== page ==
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Jake Bugg Finishing New Album With Producer Rick Rubin

19-year-old singer-songwriter says he'd like to release second LP by year-end

Jake Bugg
Drew Reynolds
August 9, 2013 11:30 AM ET

A few hours after arriving in Chicago, Jake Bugg sits backstage and smokes a Marlboro. He's running on one hour of sleep, but based on a rousing 45-minute set to a thousand-plus Lollapalooza sidestage crowd, you'd hardly know it. Now here he is, ruminating on the difficulties of assessing his fame in the Internet era.

"I'm not able to grasp concepts of how established I am in certain parts of the world," the 19-year-old native of Nottingham confesses. "I mean, today I was baffled, man. I never thought there'd be that many people here. I was expecting, like, 50 people. Or not even that."

Bugg is greatly underestimating his Stateside popularity: since the release of his debut album this spring – a finely crafted batch of foot-stomping folk-rock that went Number One in his native U.K., drawing from The Freewheelin' Bob Dylan, the Everly Brothers and Johnny Cash – Bugg has been touted as one of the best new singer-songwriters of his generation.

The model-dating teenager, wearing a black leather jacket in spite of the 80-degree heat, can accept the fact that he has a knack for songwriting. Still, he shrugs it off. "It's just about making music, man," he says, drily.

Best Albums of 2013, So Far: Jake Bugg, 'Jake Bugg'

Sure. But Bugg, born Jacob Kennedy, is quite good – and fast – at doing so. He revelead to Rolling Stone that he's already nearly finished recording his second full-length album, the bulk of which he recently laid down at producer Rick Rubin's Shangri-la studio in Malibu with a batch of seasoned musicians, including Red Hot Chili Peppers drummer Chad Smith.

"That was great for me, to play with some more experienced cats," he says. While in Malibu, Bugg knocked out 12 song despite the fact that he and Rubin had initially only planned to tackle two cuts together. Later this month, following tour dates in Japan and Europe, Bugg will be back in the States, and he plans to finish his as-yet-untitled album in time to release it by year's end.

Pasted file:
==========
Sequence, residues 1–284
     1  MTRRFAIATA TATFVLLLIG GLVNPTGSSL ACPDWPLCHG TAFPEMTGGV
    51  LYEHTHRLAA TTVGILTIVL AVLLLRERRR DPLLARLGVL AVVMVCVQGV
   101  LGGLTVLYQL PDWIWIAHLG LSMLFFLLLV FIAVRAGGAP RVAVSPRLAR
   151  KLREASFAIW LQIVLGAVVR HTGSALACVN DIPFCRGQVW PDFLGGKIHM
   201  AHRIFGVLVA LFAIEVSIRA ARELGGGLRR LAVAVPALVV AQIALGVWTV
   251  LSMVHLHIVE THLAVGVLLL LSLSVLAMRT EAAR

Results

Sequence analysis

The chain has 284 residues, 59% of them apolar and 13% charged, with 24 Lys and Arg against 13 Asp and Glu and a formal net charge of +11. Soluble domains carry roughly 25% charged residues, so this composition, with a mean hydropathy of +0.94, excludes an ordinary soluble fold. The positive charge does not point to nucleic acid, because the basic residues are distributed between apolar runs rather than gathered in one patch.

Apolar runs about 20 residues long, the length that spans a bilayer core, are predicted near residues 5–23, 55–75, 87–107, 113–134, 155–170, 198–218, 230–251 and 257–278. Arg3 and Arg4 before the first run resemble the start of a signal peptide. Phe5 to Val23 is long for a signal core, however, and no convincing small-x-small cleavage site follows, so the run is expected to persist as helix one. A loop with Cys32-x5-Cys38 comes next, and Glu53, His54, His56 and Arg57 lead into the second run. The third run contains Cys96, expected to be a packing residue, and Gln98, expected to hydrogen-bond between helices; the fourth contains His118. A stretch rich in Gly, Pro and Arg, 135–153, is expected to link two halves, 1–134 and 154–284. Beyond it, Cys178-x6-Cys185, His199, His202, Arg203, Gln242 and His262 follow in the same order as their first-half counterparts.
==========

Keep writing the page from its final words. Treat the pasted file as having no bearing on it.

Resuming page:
Bugg cherished being able to bounce ideas off Rubin. "That's why Rick's so good," he says. "Because I'll take some ideas to him and he'll be like, 'Why don't you repeat that line?' As an artist you can get quite defensive about your work. But it never feels like Rick's imposing on that. He likes to try and get the best out of an artist."

Before meeting the mega-producer, Bugg knew little of his past work. "To me he was just this guy with a beard," he says. "So in a way, I was just playing songs for him." In fact, one of the only recent experiences that's made Bugg stop in his tracks is when he recorded at Sun Studios on a recent trip to Memphis. "I just stood there thinking, 'Johnny Cash has stood here and he did the same thing [as me],'" Bugg recalls. "It's just mad."

Is there any worry he's putting out new music too soon after his debut? "I don't really see any harm in it," he says. "It seems like the right thing to do. Might as well keep up the momentum, you know? In this time that I've been touring and traveling the world I had a lot of new experiences and opportunity. Why not write about it?"

Bugg has been road-testing some of his new material. During his Sunday set at Lollapalooza, he played a pair of new tunes, including "Slumville," anchored by a seriously bluesy riff and featuring manic, scattershot vocals, as well as "They Won't Catch You and Me," a back-porch stomper that finds the singer offering a plaintive plea to a lost lover ("Please don't leave/I won't know what to do"). He tells us he also debuted a new acoustic song the night before, but admits he still hasn't come up with a title for it.

Seeing as he can't legally drink at any of his gigs, Bugg views touring America as something of a body cleanse. "It's good for me," he says. "I come here and I've got a clear head. It's a time for me to detox and just play some music."

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“Bird on a Wire”

Leonard Cohen | 1969

While living on the Greek island of Hydra, Cohen was battling a lingering depression when his girlfriend handed him a guitar and suggested he play something. After spotting a bird on a telephone wire, Cohen wrote this prayer-like song of guilt. First recorded by Judy Collins, it would be performed numerous times by artists incuding Johnny Cash, Joe Cocker and Rita Coolidge. "I'm always knocked out when I hear my songs covered or used in some situation," Cohen told Rolling Stone. "I've never gotten over the fact that people out there like my music."

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